I really admired the character of Frieda, who is initially a student in a class that Professor Henryk is teaching. They have similar ideals and when the Nazis begin restricting what books they are allowed to read and discus, Henryk and Frieda find they are sort of kindred spirits. Their ability to speak different languages means they are able to retain a little privacy when talking. Soon they are meeting up secretly and then not long after having an affair despite Henryk being married. When it becomes apparent that Henryk is in danger of being rounded up as a political prisoner and possibly sent to a camp Frieda begs him to leave Berlin with his wife Emilie, even providing jewellery to pay for their escape. Emilie works as a nurse and is considered “safe” or not a “problem person” by the Nazis whish is why they could both flee relatively easily. Emilie knows of Henryk and Frieda’s affair and gives Henryk an ultimatum but Henryk fails to make any choice in time as he and Frieda both end up as political prisoners in camps. Frieda is first sent to Ravensbruck, then Auschwitz, and Auschwitz-Birkenau, which is where she writes her secret letters to Henryk, not even knowing if he is alive. Henryk is sent straight to Auschwitz and made to give up any ideals or rebelliousness up when he is put to work in one of the crematoria.

This book has so much going on from the story of the letters, revealing what happened in Henryk and Frieda’s past. There is Miriam’s abusive relationship with Axel, where he has made her into someone who self- harms in an attempt to feel in control of something. Axel also interferes with the arrangement where Miriam is caring for her father in is home. He succeeds to the extent of having Henryk removed from Miriam’s care and being placed in a care home/hospice. Though things don’t totally go to Axel’s plan when Henryk is taken ill during the transportation of him to the hospice and has to be rushed to hospital.  Axel is a very violent, strange man who will stop at nothing to get Miriam to do as he bids her to. There is also the fact that the Police do not seem to believe Miriam’s version of events when Axel corners Miriam outside the hospital Henryk is in temporarily and assaults and rapes her. The Police insinuate that the rape is a misunderstanding, that perhaps Axel didn’t know her wishes, or in fact that as Axel has told them she likes spontaneity, and rough outdoor sex!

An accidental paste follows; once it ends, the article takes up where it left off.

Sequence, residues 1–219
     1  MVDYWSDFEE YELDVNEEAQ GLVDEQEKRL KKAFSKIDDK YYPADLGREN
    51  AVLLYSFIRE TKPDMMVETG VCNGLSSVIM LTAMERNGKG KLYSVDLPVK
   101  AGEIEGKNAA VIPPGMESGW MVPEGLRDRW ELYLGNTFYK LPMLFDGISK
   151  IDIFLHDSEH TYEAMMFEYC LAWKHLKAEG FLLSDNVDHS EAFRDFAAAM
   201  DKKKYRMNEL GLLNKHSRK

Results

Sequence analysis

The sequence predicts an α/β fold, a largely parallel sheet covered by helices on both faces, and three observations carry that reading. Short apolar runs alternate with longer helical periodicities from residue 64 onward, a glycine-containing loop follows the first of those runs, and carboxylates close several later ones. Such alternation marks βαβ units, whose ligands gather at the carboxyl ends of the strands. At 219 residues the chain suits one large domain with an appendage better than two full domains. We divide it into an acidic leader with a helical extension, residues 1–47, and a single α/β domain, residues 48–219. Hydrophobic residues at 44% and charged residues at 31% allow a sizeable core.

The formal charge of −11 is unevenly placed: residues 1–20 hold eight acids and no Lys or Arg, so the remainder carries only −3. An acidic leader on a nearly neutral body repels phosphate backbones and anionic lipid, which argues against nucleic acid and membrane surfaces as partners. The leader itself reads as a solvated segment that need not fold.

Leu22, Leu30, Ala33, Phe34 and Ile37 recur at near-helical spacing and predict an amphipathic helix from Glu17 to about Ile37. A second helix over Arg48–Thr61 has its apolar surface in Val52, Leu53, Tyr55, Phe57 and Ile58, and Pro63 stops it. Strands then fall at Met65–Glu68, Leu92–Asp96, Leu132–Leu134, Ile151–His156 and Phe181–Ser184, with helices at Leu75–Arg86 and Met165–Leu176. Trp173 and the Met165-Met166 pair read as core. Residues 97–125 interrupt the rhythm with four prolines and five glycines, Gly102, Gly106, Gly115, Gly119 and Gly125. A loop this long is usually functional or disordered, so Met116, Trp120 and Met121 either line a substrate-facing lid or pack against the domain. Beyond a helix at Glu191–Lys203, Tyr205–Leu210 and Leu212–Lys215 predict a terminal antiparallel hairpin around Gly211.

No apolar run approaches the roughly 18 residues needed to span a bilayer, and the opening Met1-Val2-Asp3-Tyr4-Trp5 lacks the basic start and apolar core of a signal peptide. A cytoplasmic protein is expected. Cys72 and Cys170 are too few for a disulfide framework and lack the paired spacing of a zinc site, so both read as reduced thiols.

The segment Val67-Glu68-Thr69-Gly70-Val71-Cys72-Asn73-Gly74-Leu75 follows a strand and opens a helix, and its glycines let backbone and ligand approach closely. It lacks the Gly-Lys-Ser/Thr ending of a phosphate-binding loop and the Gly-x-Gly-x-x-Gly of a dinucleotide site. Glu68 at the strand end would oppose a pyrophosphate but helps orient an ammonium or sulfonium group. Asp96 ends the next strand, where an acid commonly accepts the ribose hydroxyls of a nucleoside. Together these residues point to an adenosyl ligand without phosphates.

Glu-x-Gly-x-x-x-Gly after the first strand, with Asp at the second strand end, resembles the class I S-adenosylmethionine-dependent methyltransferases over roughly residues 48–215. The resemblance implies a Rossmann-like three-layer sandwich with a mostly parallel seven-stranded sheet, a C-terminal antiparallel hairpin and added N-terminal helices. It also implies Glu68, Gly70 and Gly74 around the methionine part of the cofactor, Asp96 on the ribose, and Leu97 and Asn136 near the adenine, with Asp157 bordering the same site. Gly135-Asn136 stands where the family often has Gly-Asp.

Eva is another great character in the book that I adored. Eva has her own secrets and past trauma’s to deal with. It is through a chance meeting at the library that sees Eva end up being an important and instrumental person in Miriam’s life. Eva translates the letters from Frieda to Henryk. Eva also talks with Miriam and encourages her to take action against Axel. It is only with the help of Eva that Miriam finds the internal strength to demand a divorce. Eva becomes a true friend to Miriam and even finds someone to help her prove that Miriam is not the mentally disturbed individual that Axel is portraying her as. Then when once again it looks like Axel is gaining the upper hand during an assault on Miriam, it is Eva that comes to her aide. Eva is also a great support to Miriam when she reads the final letter she has translated. Eva attempts to ease Miriam slowly into the frame of mind to accept what the letter seems to suggest.

My immediate thoughts upon finishing reading this book were that this was an amazing book full of emotion, heartbreak & more. I had so many questions throughout the book, some were answered and some were not, which made the book feel even more realistic as there would have been no records of those at Ravensbruck, Auschwitz & Auschwitz-Birkenau.
To sum up I adored reading this book. The Holocaust is something that provokes strong emotions in me and I feel I have to read these stories, that they deserve to be told, and read, and remembered. I read both fictional books, fictional books based on facts and factual biographic stories of this era. I am not Jewish in my close nor historical heritage that I know of, I just feel drawn to read about this time of history.
I loved the story of the letter being sewn in the dress and do wonder if this was based on any historical facts from the era. Though I have read about Dr Mengele’s experiments and such, I had never heard of the term, or those medically experimented on being called “Rabbit Girls”. I will admit that I had guessed, or rather felt an inkling of a possibility about the fantastic twist that occurs at the end of the book but what an amazing twist it was!! I went through a whole range of emotions reading this book, from anger, sorrow and an affinity with how Axel treats Miriam and the domestic violence and abuse she endures. I was incensed at the male Police Officers that dealt with Miriam being raped by Axel. I felt irritation and resentment at how the “system” treat Miriam as a non- person, and in their opinion, her being uncapable to care for her father Henryk. I totally agreed with Miriam and the fact she was against Henryk being institutionalised and the possibility it would remind him of his time in Auschwitz. I felt horror at how Frieda, the rabbit girls and other women of the camp were handled by the Nazi’s the indignities they were forced to undergo. The way pregnant women and babies were treated. Then there was the shock at what Henryk had to endure during his time at Auschwitz. The once principled, intelligent, well-read Professor reduced to working at the crematoria which is revealed at the latter end of the book along with his nightmare of seeing a familiar face amongst the bodies he was forced to throw in the furnace.

What more can I say, an amazing, emotive read and keep those tissues handy as I can’t believe anyone would not shed a tear or two whilst reading this book.